We did have to put a lid on his crib, because at age 9 months he climbed out and fell on the floor. I told the doctor, feeling terribly guilty, and the doctor just said, “Well, it’s better than a broken neck.” Our pediatrician had 4 children, and he was just a terrific guy. Normal, you know.

I had the kind of kids that always break a tooth or get a black eye, stitches, or a broken arm right before school picture time. *sigh*

54 posted on 05/14/2009 10:57:43 PM PDT by Judith Anne
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To: Tijeras_Slim
I said “My cat is trying to kill me.”

LOL! Was it a Siamese? My mom had one that would lurk on the highest places it could (even on top of open doors) awaiting unfortunate humans. I had a ferocious woodchuck in my back yard far more charming (kicked cat butt). We got to an understanding - and it wasn't wired to kill everything that moves.

55 posted on 05/15/2009 5:25:53 AM PDT by NewRomeTacitus
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To: NewRomeTacitus

Nope, just a big grey cat. It does love plastic, and pulled a sheet of bubble wrap on to the stairs. That was exciting when I stepped on it in the dark.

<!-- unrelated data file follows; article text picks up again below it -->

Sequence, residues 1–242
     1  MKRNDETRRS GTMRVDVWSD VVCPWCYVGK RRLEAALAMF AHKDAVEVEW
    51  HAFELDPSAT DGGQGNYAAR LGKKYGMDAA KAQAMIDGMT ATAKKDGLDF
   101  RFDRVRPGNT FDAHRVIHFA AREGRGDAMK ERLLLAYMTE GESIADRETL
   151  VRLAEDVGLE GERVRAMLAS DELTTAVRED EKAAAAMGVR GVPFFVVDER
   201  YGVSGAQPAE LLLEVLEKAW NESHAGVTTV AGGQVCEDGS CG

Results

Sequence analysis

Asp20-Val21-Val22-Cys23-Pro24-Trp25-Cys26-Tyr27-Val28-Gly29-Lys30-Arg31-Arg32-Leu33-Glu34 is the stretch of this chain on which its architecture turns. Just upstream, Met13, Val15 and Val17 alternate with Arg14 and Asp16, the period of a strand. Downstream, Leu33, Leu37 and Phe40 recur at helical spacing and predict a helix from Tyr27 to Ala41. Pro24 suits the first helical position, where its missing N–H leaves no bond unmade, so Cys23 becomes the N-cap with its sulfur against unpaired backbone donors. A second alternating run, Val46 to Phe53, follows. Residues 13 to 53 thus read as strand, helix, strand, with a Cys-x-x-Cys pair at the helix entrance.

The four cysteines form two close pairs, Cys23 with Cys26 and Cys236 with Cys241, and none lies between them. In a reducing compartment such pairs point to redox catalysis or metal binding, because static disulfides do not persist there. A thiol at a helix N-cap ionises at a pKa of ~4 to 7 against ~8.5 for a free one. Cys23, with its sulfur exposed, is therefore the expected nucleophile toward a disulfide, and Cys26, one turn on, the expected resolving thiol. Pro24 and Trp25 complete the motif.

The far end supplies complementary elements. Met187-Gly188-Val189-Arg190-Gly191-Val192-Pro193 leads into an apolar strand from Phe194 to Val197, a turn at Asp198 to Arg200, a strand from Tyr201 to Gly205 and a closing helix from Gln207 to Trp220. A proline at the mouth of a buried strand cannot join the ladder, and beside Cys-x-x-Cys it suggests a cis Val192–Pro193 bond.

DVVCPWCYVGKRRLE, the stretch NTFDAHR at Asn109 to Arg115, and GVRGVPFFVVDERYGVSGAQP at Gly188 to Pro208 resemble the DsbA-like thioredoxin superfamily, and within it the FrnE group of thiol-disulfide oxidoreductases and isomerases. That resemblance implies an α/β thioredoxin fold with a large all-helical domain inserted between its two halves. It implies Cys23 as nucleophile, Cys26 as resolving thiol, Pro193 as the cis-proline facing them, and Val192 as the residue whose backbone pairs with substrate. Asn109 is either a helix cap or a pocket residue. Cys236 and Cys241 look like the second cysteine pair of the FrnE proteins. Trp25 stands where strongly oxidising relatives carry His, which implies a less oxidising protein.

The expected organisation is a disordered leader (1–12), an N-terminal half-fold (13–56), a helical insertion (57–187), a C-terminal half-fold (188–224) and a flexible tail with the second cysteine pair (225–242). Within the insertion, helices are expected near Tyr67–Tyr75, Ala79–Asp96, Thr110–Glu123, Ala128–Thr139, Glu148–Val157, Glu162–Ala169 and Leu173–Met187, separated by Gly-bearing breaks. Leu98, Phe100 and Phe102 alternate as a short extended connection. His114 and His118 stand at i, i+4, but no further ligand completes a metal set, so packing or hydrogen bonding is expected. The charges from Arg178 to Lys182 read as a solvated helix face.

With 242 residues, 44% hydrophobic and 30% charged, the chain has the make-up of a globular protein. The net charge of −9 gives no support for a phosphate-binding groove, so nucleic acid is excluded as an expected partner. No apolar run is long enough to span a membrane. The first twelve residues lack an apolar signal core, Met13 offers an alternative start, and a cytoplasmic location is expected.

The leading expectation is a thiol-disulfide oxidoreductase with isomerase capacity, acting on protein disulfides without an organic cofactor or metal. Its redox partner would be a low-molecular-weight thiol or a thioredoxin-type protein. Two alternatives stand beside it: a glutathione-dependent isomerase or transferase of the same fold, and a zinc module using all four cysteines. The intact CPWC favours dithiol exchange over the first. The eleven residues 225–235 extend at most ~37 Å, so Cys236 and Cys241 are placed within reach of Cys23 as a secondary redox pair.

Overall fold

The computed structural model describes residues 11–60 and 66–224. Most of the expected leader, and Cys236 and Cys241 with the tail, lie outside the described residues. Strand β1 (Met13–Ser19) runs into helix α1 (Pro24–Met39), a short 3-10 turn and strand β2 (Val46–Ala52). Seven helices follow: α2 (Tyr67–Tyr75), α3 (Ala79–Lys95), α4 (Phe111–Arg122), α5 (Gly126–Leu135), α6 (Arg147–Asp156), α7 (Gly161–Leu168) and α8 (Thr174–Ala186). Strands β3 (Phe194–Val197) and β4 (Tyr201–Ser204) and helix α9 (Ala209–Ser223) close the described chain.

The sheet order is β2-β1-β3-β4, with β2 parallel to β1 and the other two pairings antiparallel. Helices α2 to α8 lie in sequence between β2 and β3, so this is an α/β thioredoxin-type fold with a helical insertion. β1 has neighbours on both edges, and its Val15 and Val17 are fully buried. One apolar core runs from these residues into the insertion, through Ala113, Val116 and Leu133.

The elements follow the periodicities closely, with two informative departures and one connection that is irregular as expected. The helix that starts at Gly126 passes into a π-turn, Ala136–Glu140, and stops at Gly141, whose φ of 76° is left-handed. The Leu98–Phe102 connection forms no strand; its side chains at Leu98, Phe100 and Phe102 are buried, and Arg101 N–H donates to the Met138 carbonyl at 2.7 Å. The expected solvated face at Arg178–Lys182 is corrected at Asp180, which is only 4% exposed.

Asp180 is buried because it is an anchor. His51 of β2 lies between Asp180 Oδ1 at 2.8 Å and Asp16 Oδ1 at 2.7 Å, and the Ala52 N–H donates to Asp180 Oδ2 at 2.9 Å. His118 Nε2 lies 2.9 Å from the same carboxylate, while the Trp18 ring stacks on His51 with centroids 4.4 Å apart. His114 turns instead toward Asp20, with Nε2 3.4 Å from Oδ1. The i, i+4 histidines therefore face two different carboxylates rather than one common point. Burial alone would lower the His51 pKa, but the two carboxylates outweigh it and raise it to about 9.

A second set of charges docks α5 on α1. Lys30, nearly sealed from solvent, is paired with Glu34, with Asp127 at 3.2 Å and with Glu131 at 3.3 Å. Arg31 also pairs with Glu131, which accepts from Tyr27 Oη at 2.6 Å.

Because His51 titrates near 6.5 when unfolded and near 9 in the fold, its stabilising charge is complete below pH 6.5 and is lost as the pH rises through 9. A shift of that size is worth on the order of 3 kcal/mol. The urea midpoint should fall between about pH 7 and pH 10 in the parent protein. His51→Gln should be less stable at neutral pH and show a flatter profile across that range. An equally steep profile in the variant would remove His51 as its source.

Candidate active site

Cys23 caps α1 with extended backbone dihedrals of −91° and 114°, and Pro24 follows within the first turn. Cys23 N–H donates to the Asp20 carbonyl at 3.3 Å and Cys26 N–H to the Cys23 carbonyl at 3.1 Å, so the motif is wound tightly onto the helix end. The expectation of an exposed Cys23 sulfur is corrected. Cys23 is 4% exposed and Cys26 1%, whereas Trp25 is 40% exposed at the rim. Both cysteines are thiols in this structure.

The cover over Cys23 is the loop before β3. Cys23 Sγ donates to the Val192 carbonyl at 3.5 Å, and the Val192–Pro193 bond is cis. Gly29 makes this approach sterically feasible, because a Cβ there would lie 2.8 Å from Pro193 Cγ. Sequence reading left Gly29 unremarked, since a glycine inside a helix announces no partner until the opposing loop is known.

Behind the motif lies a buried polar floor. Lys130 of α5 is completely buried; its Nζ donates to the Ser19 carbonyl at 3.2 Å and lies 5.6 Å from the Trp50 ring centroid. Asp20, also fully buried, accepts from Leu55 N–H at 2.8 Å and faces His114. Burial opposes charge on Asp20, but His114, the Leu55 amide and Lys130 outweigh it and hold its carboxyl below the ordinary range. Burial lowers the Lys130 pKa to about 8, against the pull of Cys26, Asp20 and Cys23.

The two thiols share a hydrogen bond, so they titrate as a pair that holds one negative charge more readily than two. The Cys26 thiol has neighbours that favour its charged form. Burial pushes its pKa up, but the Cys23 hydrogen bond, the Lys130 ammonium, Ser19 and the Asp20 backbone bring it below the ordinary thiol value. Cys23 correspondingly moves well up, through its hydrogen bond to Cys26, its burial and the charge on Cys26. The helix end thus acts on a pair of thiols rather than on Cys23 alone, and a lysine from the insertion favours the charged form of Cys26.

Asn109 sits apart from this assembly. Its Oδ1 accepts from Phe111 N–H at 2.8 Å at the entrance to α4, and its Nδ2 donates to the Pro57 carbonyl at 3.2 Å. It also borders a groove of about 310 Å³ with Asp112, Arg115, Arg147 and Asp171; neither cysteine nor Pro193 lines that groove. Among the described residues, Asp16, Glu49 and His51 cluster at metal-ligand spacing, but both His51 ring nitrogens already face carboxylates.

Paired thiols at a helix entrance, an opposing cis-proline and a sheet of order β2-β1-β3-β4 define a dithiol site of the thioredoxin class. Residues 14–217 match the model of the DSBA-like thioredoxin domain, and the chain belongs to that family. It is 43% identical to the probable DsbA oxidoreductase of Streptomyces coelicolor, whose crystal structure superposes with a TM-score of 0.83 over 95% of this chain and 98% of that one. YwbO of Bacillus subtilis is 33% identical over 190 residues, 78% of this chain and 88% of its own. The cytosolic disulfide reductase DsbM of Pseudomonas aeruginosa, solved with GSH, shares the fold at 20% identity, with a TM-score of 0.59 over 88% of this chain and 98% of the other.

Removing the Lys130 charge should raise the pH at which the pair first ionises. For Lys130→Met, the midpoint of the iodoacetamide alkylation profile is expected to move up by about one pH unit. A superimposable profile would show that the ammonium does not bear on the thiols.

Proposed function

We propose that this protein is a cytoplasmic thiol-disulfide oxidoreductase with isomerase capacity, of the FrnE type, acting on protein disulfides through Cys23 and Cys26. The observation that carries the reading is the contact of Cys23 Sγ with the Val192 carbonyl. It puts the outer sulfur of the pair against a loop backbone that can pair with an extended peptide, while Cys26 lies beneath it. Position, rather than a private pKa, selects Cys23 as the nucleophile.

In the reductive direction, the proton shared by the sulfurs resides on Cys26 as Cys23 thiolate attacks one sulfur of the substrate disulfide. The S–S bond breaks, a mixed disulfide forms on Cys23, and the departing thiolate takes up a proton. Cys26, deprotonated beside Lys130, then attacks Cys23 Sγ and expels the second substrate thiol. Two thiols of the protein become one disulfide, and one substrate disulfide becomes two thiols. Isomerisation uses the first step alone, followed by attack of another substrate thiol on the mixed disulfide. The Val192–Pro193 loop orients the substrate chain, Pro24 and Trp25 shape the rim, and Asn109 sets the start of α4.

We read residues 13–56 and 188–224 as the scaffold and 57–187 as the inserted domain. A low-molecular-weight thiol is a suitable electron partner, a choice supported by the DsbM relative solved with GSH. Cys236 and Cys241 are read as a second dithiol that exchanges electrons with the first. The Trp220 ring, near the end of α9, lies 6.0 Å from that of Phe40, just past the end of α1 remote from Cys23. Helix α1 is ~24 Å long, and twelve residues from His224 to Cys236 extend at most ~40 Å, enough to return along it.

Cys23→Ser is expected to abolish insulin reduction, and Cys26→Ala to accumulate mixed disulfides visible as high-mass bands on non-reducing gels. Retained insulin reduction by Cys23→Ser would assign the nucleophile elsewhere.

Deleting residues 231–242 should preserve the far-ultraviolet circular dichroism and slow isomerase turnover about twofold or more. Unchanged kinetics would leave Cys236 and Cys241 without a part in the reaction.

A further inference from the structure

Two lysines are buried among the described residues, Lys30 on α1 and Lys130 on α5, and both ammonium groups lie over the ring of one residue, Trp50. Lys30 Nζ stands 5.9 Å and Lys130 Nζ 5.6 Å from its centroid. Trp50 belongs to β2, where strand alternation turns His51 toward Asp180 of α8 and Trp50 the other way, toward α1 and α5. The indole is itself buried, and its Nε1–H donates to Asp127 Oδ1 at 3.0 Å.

56 posted on 05/15/2009 5:29:10 AM PDT by Tijeras_Slim (When I leave this planet, it's gonna know I was here.)
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To: trisham

I had the same thing happen to me when I went to the emergency room in January after hurting my ankle playing basketball. I’m sitting there drenched in sweat in athletic clothes with a swollen ankle, wife by my side, when the attending nurse asked out of the blue if there was any abuse involved. I actually thought she was joking, so I said said I couldn’t talk about it in front of my wife cause she might hit me again.

57 posted on 05/15/2009 5:38:13 AM PDT by LanPB01